Nathaniel is spoiling me. For this week’s episode of Hit Me with Your Best Shot, he’s selected Johnny Guitar, one of my favorite movies of ever, one that I have revisited multiple times since I reviewed it in 2008, and have just loved it more and more even above and beyond that rave.
I’m going to skip the usual preamble and context, since there’s that review waiting right there, though I will note a paradox: director Nicholas Ray and cinematographer Harry Stradling, Sr. made one of the best shot Westerns in history with this movie, and yet its brilliance comes more from its visual schema than any individual shot – it’s the way that shot styles keep repeating that makes the film look brilliant. Which makes it tricky to pick a singular Best Shot, since all the good candidates show up multiple times, echoing each other.
And above all the things that keep showing up is a repeated motif of Joan Crawford as Vienna, the proud and self-reliant woman who owns a saloon out in the wild, waiting for the train to come by and make her a wealthy, proud, and self-reliant woman, standing alone in empty frames that she’s allowed to completely dominate. Frames like this one:
It’s not only my pick because it is typical, though when I think of Johnny Guitar, I do primarily think of Crawford standing in proud isolation. I also think of the unnerving, genre-blasting campy weirdness of it, and we have that here too: Crawford in the flounciest dress she’ll wear all movie (she tends to wear masculine clothes), sitting against a rock wall that has been framed to resemble a cave dressed up as a Victorian parlor. The sheer oddness of the shot almost tends to dominate the actual content of it, though the content matters: Vienna using the trappings of delicate femininity, something she has eschewed all movie, as a way of asserting her dominance and power to control the interior space of her saloon – for we are presently in her saloon – against the mindless mob brought there by her arch-enemy, Emma (Mercedes McCambridge).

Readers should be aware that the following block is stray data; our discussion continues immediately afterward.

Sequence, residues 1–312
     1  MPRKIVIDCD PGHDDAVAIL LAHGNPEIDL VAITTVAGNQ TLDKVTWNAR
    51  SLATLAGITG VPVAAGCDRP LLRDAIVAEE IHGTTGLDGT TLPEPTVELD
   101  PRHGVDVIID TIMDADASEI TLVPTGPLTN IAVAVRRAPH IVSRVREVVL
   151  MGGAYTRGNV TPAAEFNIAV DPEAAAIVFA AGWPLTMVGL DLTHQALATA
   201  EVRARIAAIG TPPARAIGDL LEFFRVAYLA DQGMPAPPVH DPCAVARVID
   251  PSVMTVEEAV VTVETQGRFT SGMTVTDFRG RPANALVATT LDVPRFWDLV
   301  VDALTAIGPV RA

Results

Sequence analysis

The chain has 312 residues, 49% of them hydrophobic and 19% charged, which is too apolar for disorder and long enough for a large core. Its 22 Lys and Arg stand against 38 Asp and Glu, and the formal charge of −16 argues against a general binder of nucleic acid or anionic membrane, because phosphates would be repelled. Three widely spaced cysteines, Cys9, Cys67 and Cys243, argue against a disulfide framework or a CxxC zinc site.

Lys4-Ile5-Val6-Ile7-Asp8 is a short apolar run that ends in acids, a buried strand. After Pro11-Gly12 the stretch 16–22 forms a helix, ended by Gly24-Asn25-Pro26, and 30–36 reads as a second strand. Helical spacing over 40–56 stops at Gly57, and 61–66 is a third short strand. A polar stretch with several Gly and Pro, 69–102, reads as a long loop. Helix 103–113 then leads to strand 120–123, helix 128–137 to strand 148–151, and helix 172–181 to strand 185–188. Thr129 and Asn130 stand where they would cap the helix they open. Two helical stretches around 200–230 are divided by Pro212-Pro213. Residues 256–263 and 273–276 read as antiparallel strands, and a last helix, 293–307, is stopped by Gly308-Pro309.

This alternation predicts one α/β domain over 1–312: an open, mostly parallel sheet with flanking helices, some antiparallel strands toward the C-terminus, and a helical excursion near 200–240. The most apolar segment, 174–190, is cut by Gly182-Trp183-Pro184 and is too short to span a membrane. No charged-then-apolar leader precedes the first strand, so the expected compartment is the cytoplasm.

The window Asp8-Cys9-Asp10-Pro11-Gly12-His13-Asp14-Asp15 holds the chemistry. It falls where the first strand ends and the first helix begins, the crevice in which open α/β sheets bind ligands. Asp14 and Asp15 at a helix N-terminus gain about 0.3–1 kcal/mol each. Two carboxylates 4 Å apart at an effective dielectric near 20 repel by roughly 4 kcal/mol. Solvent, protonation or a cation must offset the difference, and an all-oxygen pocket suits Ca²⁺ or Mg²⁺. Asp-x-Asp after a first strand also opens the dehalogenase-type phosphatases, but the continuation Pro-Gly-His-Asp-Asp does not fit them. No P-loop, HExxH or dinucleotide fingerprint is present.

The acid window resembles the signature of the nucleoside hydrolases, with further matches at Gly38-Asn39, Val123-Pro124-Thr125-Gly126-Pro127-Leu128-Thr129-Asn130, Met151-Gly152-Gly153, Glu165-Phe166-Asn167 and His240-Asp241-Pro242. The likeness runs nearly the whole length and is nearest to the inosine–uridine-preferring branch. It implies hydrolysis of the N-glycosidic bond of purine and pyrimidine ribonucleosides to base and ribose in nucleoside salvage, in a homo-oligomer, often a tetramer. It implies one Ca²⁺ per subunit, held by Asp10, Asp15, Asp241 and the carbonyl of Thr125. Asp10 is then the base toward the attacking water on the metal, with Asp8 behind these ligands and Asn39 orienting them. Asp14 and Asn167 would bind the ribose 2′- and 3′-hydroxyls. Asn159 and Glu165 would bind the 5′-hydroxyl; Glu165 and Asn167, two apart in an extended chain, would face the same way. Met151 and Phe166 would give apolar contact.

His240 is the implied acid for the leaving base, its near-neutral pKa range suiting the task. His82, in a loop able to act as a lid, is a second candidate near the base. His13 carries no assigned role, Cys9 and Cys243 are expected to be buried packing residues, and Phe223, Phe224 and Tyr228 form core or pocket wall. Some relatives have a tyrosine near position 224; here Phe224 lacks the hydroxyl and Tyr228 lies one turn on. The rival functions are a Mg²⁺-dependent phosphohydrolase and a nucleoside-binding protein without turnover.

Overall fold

Which, since I can’t resist, said mob shows up in reverse shots, thusly:
And that, with its disorienting low angle and freaky lack of depth, would also be a decent pick for Best Shot, but let’s go back to the one I actually picked. So we have the gender-bending Vienna pantomiming femininity in a totally incongruous space, bringing a touch of fussy civilisation to the very bedrock of the American West in the most heavily ironised way possible. The extremely narrow band of colors – there’s really nothing going on here besides brown and white – makes Vienna’s triangular shape stand out as an even more aberrant element in the composition than it would be simply because of the narrative requirements of the moment and the story being told by the image.
It is, in all ways, an image of things that shouldn’t go together being forcibly wedged into one place, and to hell with how peculiar the result turns out to be – it is a patchwork of irreconcilable elements that are all collected solely because Vienna’s will is that they should be. Out of all the great solo shots of Crawford in the movie, this is the one that most dramatically represents her character’s stubborness and willpower; and its hallucinatory aspect, that sense of random absurdity, makes it a perfect embodiment of the director’s uniquely offbeat, outsider quality – the queer straight guy sensibility that makes a Ray film a Ray film, and makes this the most Ray film of them all.